Support for a Changing Product Mix
Anyone doing business in orthopedic softgoods faces ongoing competition from big box retailers and pharmacies, for sure, but HME companies can still compete by offering solid product knowledge and a broader variety of products, say category experts. Even as consolidation continues at the store level, and to a certain extent among manufacturers, demographic trends point to a growing demand among consumers who need these products.
An example of manufacturer consolidation is the purchase of Bell-Horn Orthopedics by DJO Global, which also offers the DonJoy brand. The acquisition combines Bell-Horn's strength in lower-end orthopedic softgoods with DonJoy's strength in providing reimbursable, higher-end products. It's an opportunity to expand and increase presence in the category as a whole, says Bell-Horn's Todd Katz.
"Once the store is well known, you get referrals in both categories," says Katz. He says that physicians concerned about Stark law restrictions increasingly do not carry or dispense orthopedic products and are looking to HME providers and pharmacies to fill in the gap.
Katz, Bell-Horn CEO, contends that orthopedic cash sales should generate 10 to 15 percent of a store's business. The fact that most HME companies do considerably less points to an optimistic outlook for growth. If a provider is not selling the category at all, Katz says, there's more good news because it's easy to get involved.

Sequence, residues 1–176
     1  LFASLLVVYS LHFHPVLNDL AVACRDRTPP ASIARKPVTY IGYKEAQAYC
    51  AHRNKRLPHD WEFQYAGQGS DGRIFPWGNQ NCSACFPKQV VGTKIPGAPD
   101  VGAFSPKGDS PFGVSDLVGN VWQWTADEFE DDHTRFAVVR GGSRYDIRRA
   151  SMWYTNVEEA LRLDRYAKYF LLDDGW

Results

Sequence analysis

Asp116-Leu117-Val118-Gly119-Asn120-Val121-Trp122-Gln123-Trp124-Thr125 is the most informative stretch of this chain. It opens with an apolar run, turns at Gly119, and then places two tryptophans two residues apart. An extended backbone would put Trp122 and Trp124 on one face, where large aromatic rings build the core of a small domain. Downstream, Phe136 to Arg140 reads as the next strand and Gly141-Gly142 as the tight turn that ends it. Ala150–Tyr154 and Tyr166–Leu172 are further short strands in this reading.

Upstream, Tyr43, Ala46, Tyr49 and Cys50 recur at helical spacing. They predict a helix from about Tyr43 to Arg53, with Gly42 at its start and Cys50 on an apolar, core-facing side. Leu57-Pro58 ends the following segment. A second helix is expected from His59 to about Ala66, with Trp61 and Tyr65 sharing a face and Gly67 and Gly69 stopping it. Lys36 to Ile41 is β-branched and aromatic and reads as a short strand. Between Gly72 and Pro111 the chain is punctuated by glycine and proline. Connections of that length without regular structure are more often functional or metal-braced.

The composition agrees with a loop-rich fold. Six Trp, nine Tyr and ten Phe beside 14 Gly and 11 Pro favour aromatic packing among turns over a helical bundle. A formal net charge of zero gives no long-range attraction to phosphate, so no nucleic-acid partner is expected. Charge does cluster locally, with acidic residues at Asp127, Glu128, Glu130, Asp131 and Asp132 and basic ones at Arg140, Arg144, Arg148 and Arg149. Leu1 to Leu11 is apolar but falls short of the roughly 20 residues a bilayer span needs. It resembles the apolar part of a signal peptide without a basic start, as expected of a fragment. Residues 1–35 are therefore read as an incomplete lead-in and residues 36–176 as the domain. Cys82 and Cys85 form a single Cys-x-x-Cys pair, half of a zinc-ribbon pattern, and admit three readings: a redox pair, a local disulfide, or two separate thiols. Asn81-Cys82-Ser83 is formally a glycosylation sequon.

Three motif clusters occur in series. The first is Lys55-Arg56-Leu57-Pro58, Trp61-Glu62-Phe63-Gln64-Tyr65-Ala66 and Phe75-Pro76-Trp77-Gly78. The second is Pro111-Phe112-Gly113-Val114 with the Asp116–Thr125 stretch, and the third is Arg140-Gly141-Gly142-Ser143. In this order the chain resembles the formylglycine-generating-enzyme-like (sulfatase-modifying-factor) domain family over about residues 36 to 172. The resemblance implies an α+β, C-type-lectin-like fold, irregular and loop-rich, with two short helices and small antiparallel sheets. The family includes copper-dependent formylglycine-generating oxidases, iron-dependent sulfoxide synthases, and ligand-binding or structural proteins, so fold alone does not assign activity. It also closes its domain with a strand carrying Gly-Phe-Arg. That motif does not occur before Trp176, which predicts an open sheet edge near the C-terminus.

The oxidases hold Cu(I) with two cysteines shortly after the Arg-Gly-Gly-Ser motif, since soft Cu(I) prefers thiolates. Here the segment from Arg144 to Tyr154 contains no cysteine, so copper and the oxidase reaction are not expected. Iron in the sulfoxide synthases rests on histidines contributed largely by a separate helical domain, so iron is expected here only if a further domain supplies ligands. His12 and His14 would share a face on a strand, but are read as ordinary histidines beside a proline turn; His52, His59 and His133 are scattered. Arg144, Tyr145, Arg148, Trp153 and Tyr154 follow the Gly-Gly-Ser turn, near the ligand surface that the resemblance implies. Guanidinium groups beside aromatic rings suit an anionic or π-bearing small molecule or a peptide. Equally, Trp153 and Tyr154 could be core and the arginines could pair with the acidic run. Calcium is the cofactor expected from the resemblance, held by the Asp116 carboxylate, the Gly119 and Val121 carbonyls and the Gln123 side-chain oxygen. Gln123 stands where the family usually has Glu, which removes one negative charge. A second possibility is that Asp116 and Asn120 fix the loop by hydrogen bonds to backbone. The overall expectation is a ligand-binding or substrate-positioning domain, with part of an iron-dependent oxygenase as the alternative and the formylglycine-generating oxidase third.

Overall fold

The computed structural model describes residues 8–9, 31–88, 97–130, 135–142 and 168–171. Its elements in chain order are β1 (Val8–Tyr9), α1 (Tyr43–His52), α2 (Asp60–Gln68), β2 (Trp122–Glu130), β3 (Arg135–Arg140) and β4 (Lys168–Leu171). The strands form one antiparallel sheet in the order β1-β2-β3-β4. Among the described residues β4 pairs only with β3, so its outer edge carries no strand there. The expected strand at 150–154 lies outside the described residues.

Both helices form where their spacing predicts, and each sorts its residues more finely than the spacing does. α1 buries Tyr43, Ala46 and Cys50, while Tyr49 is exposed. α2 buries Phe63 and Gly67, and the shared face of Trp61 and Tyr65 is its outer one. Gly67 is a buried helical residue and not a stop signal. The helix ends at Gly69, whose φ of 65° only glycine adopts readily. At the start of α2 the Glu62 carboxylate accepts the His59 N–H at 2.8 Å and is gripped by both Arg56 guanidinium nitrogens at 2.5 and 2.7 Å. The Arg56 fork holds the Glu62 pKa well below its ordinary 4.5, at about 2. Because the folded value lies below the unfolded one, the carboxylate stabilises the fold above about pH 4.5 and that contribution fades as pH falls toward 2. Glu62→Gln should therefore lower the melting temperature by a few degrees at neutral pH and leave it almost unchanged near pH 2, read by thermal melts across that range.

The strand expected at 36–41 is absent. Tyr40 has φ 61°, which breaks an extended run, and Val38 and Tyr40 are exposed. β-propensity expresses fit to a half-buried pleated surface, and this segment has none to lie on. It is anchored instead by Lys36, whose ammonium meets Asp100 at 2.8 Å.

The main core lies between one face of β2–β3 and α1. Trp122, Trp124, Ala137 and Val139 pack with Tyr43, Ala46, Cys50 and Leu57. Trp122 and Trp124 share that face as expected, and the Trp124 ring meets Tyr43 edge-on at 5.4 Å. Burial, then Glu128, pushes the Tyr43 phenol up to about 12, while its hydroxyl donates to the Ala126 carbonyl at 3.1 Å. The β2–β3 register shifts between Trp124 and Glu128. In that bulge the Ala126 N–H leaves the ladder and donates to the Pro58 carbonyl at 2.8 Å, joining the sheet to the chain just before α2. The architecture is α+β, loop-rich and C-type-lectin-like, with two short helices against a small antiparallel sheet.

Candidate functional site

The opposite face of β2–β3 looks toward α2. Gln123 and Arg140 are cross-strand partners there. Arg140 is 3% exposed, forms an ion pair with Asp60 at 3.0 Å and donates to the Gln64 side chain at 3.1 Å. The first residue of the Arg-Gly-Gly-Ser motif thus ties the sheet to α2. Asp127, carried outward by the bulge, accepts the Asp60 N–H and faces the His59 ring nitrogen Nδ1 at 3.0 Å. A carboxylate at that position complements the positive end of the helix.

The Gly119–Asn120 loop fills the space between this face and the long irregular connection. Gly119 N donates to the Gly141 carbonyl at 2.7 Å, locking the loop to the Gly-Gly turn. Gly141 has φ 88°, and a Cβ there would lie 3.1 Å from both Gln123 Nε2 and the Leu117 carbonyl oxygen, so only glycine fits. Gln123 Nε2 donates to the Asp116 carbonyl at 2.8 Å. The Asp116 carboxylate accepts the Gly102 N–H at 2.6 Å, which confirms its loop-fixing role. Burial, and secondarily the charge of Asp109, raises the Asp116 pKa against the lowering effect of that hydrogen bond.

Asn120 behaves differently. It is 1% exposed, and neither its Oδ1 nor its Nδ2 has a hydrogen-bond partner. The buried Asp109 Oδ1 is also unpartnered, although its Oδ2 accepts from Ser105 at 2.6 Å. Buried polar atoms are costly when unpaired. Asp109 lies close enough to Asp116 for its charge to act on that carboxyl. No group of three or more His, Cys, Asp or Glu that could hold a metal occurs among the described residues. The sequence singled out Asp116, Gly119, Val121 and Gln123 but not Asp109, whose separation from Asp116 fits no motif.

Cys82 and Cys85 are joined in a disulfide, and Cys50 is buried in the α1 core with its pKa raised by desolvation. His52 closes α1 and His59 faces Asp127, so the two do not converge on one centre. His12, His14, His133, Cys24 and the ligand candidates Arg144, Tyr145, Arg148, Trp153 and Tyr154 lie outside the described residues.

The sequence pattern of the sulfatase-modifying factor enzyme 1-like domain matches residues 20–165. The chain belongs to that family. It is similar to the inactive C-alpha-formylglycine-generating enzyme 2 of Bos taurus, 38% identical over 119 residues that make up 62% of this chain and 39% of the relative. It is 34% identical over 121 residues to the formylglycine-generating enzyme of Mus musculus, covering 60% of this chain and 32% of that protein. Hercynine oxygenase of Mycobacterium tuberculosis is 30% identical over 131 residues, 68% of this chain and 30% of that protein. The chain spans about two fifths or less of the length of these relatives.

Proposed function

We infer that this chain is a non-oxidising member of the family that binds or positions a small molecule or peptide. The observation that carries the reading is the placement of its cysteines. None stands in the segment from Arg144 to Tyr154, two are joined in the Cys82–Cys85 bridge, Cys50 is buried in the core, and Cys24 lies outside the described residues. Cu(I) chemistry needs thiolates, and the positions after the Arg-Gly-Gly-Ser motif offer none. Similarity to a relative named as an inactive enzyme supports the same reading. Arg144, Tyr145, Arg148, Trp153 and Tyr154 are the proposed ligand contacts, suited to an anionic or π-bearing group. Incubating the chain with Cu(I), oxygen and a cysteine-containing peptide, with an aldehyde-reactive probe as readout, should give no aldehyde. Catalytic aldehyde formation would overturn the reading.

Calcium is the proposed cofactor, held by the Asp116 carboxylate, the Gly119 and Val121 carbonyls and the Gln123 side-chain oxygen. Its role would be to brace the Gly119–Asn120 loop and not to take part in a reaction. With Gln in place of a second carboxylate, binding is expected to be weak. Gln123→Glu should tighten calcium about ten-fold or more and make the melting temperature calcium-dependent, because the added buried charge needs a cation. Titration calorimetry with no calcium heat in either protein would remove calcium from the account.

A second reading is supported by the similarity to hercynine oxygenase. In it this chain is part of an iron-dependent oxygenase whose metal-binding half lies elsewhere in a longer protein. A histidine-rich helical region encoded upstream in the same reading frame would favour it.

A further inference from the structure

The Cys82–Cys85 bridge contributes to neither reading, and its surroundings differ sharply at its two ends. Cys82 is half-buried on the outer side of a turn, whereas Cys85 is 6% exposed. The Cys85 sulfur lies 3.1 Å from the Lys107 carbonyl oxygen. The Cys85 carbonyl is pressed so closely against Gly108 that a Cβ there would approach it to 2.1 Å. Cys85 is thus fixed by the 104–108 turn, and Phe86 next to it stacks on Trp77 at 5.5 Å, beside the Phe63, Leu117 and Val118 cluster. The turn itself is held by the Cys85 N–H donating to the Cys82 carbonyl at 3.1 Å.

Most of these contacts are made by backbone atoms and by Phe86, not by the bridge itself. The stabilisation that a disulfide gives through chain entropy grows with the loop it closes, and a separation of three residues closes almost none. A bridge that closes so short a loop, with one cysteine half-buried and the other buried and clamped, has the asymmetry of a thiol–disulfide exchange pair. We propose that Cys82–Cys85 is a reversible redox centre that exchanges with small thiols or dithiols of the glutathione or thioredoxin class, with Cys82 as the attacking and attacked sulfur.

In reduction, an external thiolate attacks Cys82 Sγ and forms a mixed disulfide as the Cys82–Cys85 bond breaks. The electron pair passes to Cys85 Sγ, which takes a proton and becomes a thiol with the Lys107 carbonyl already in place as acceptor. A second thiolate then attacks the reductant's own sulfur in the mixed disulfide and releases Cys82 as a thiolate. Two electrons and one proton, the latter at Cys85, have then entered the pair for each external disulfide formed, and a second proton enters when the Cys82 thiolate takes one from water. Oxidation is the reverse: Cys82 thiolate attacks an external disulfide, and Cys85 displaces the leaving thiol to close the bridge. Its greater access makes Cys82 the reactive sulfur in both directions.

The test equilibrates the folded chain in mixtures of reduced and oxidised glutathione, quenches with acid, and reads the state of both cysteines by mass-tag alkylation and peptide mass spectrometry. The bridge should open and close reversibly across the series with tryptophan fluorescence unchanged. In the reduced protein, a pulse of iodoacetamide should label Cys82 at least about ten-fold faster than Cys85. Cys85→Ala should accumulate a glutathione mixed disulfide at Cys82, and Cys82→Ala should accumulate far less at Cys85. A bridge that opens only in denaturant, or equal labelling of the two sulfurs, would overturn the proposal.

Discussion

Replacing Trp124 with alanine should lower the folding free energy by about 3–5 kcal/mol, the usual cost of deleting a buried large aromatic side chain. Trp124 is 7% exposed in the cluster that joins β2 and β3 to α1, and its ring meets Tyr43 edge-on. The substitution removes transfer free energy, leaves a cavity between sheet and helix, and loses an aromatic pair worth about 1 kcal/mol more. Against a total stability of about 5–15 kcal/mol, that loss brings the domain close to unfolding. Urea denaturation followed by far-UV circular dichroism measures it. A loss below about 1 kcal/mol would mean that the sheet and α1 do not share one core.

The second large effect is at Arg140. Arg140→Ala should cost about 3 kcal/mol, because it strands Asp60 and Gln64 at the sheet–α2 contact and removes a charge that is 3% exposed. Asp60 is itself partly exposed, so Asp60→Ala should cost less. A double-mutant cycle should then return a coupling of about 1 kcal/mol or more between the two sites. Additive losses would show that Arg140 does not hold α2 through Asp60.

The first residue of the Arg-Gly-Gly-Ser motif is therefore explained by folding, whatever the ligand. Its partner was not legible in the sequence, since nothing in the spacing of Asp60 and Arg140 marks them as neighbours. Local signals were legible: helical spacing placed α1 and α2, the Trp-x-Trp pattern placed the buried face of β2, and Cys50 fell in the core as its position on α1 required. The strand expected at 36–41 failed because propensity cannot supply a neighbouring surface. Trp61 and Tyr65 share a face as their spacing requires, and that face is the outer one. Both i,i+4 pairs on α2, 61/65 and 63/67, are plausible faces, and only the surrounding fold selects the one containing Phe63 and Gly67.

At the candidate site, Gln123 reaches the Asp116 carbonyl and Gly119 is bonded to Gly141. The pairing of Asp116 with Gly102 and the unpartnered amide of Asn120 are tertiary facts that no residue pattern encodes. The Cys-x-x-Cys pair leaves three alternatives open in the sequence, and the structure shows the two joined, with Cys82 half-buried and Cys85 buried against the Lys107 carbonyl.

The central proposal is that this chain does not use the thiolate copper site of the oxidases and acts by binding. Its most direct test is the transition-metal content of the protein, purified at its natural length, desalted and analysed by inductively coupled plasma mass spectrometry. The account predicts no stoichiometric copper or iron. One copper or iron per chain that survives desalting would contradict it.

Plugging the Reimbursement Gaps
In situations involving insurance or Medicare/Medicaid reimbursement, providers tend to choose less expensive products with less regard for quality, according to Mike Murphy, national account manager for Alex Orthopedic. But quality matters much more in a cash sale situation that depends on repeat business.
"Lower quality products are migrating toward the reimbursable arena because it's the only way to make a profit [given low allowables]," says Murphy. "Traditional DMEs that may not have been so interested in these products in the past are looking to expand their lines with more cash items, especially if they are currently heavily dependent on reimbursements."
Because orthopedic softgoods are relatively inexpensive, they lend themselves to cash sales in lieu of the reimbursement hassle, he notes. For more expensive, custom-fitted items, reimbursement makes more sense, and margins can be larger. "The mid-range is the place to be," says Murphy. "There are decent margins, decent volume and less competition from big chains."